pillar 2 service
By Melany Gardner
Jul 24, 2016

How does Scouting help young men serve others?

Why does Scouting matter? How does Scouting help a young man learn to serve others? We asked these questions and more to our Scouting leaders and members of the community. Watch the video below to hear them tell us their experiences on how the principle of service is taught through Scouting experiences.

Quoting the Scout slogan to “Do a good turn daily,” Utah Governor Gary Herbert admires the people of Utah and their willingness to serve others. Due to the nature of the state of Utah and the relationship between The Church of Jesus Christ of Latter-day Saints and the Boy Scouts of America, it’s no surprise that there are few people in Utah who haven’t been touched by Scouting in some way.

“We are the number one state in America when is comes to volunteerism,” he said. “Nearly fifty percent of our people volunteer to help people without any thought of compensation; that’s really a Scouting value…”

Brad Harris, author of Trials to Testimony, currently serves in the Missionary Training Center and has seen a difference between young men who come with an “others” focus, and those who come with a “them” focus. As he interviewed these outward-facing missionaries, he found their lives were full of service.

“Scouting, of course, is just full of opportunities to serve. Not just the Eagle Scout project, but at every rank level,” he said. “Scouting, if properly applied, can help teach our young men to be ‘others’ focused, and that’s one of the principle things they will need to be a successful missionary.”

Cindy Gagon, a Cub Scout leader and mother of five Eagle Scouts, believes service training for a young man begins early in Cub Scouts doing little service projects around the neighborhood snf culminating in their Eagle Scout project where you really see service and leadership in action.

“What I have seen in my own sons is that need to serve; with that desire to do good for other people shines through as adults,” she said. “They’re having an opportunity to give back what they learned in Scouting. So, they’re paying it forward, just as I have tried to do.”

The video ends with with this important statement from Stephen Webber, a former bishop and author of Shepherd of the Flock, “The most important thing about service is that it builds love for other people.”

Webber explains that Scouting encourages service in all of its activities and forces a young man to look outside of himself and look at the needs of others. “When a young man does service for another person, his heart turns and softens for that other person; a love develops for the other person that you are serving.”

“There is no guarantee that someone as we serve is going to love us back, but the guarantee is that as we serve someone else our love for them will grow…the more we learn how to love, the more we become like the Savior.”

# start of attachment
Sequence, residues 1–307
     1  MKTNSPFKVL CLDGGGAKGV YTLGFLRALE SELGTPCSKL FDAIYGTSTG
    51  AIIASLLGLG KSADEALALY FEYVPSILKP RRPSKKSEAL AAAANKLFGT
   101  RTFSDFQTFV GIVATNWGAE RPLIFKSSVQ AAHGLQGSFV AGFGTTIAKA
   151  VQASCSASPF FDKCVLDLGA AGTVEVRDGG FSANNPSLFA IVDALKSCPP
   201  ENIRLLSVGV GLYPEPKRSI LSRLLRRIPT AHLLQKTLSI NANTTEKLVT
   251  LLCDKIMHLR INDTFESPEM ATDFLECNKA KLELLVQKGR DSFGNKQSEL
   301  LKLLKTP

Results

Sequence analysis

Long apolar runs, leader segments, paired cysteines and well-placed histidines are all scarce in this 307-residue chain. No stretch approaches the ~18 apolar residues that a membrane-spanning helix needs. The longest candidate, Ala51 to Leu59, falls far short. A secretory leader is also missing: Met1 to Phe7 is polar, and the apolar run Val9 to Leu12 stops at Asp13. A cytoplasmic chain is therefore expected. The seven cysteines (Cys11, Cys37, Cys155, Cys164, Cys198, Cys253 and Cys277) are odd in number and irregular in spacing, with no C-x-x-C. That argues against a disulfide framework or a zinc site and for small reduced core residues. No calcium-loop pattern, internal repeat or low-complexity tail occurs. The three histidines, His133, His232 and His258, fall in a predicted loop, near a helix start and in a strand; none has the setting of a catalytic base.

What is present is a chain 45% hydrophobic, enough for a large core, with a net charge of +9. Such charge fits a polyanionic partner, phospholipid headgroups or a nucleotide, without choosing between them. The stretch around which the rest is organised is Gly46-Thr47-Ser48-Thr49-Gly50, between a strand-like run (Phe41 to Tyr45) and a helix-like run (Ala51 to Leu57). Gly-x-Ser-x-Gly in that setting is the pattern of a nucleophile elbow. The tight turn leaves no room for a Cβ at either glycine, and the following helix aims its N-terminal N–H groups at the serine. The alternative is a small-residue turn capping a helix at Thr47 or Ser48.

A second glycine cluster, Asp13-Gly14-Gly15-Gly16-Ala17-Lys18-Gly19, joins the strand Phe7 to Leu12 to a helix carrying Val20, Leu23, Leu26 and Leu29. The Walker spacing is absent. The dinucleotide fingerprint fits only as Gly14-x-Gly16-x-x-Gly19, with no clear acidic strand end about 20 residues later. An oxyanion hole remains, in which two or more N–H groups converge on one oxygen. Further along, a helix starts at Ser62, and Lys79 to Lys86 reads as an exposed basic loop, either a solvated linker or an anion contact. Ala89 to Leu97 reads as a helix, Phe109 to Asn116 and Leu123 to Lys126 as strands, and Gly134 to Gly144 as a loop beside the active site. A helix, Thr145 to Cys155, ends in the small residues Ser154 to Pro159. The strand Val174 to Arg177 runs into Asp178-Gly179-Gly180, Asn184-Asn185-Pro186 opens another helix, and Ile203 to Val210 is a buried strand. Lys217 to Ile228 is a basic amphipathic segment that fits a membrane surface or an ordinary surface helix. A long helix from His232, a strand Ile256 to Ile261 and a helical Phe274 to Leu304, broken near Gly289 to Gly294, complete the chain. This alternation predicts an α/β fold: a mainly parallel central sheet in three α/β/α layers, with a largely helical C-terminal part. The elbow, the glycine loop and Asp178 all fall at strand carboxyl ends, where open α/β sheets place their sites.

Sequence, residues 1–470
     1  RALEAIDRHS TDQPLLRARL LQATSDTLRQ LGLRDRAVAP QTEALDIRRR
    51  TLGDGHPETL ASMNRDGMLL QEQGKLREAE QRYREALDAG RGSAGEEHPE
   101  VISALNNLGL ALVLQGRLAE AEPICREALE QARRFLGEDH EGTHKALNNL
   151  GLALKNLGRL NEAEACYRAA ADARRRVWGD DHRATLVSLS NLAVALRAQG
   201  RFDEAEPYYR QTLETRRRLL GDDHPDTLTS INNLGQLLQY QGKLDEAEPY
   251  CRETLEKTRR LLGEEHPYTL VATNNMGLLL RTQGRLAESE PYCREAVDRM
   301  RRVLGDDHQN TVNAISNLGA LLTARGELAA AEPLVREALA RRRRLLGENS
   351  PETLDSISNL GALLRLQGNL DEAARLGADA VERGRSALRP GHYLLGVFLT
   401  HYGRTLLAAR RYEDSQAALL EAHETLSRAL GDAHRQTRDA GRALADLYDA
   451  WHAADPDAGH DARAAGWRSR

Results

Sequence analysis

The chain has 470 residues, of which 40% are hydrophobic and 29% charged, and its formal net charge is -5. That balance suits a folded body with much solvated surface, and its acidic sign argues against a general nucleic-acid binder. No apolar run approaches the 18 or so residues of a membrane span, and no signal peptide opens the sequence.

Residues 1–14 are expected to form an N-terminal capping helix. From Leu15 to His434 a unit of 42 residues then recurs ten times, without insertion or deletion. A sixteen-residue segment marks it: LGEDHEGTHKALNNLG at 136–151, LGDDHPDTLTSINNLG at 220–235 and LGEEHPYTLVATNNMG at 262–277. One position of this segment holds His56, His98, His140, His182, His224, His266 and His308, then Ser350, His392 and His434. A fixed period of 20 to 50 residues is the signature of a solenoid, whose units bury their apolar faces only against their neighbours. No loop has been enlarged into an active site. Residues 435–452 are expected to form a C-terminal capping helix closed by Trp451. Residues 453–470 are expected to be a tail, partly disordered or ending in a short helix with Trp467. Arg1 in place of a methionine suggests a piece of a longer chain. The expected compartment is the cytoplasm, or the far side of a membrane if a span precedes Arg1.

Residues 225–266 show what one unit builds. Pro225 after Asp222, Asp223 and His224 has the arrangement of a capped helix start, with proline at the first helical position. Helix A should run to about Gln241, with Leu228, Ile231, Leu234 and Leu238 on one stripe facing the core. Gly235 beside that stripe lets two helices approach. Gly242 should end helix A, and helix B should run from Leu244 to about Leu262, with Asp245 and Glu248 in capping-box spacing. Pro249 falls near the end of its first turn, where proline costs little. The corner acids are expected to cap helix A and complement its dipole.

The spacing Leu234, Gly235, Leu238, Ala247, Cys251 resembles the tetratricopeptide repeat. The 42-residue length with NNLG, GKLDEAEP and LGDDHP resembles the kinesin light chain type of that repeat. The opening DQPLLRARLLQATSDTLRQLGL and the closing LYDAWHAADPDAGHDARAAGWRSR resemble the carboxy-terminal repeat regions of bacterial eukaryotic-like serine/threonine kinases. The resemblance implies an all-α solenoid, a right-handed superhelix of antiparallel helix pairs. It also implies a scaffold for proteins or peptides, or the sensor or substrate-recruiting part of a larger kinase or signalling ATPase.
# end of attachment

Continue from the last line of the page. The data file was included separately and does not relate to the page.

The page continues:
This is the second installment in a series of six videos produced with special thanks to Eagle Scout Harrison Webber and Web-5 Productions for the Utah National Parks Council, BSA. Each video will focus on one of the Six Pillars of Being Prepared: Testimony, Service, Mission Preparation, Confidence, Life Skills and Integrity.

Melany Gardner2

 

Author: Melany Gardner | “The Boy Scout” Editor and Marketing Specialist, Utah National Parks Council

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3 thoughts on “How does Scouting help young men serve others?

  1. Leah Overson

    I’ve read several newsletters this afternoon – but this one is my favorite so far : -)
    Good work you guys!

    Reply
  2. Blu Loony

    I am confident in my belief that LDS scouts will be a pillar of any community they reside in.

    I somehow always find myself simply enjoying the hospitality, kindness, debates, and friendships freely given by LDS members. I have many stories about why we all should aspire to live our lives like the LDS. I’m not sure if the desire to see others happy is innate or nurtured but I have witness true kindness from many LDS in my community. I have lived in the Great Northwest for over a decade and I have new incite about how a community should treat one another. I’m not advocating for the LDS faith but I am encouraging everyone to experience the LDS community. I’m a Baptist by birth, Methodist by intellect, and LDS by association. I guess my religious faith is not something I want to push onto the LDS nor have they force theirs on me. True Interfaith friendships are uneventful in my community, we just love the person.

    Thank you LDS community for embracing my family,

    Blu Loony

    Reply
    1. Melany GardnerMelany Gardner Post author

      That’s a great mindset, Blu. I too love the association and intermingling of religious people under a united cause. That’s what I love about Scouting. It brings like-minded people who care about the youth, and raising up a generation of boys with character. I’m a professional Scouter, and even at this level of the BSA, the association with other religions is inspiring. It’s just so much fun being surrounded by people who care about what you care about. Sure, you don’t agree on everything, but goodness is found everywhere!

      Reply

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